See the CLEW dossier The Energiewende and German carmakers for more information.
The approval processes for coal plants and mine expansions will not be halted while the upcoming multi-stakeholder commission on Germany’s coal exit – the so-called coal commission – discusses the country’s phase-out-path, indicates the economy ministry (BMWi) in reply to a parliamentary inquiry by the Greens, writes Thorsten Knuf in Frankfurter Rundschau. Environmental NGOs had called for this in a letter to the federal government, writes Knuf. In the reply dated 10 April, seen by the Clean Energy Wire, the ministry writes that the commission itself will develop the “measures to reduce and end coal-fired power generation”. The BMWi writes that the composition of the commission has not yet been finalised, but that the ministry is not aware of any reasons that would delay the plan to develop an action programme - including an end date for coal - by the end of 2018.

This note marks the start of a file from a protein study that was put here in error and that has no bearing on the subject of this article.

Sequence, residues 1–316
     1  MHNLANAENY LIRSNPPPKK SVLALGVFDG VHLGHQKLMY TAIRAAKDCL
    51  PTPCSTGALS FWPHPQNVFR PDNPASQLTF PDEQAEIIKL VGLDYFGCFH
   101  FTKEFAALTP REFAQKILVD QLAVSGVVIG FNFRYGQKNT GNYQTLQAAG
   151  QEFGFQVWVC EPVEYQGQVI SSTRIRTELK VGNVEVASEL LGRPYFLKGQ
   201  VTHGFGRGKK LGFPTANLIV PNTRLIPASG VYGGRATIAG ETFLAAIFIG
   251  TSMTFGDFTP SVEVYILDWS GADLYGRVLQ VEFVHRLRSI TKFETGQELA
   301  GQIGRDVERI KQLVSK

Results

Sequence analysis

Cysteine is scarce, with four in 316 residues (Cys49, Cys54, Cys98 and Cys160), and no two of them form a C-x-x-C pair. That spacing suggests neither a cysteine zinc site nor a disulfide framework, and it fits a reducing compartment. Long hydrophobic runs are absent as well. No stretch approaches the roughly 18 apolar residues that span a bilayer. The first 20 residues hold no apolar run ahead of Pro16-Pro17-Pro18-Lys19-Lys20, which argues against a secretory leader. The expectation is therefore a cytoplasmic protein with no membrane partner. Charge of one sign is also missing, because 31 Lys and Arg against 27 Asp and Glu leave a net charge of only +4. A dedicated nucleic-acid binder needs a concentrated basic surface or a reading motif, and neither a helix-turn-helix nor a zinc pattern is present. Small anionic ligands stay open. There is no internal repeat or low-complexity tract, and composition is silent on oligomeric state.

Find the article in German here.
For background, read the factsheet When will Germany finally ditch coal? and the portraits Merkel puts long-time confidant in charge of energy transition and New German environment minister faces steep uphill battle on climate.
Leipziger Volkszeitung / Greenpeace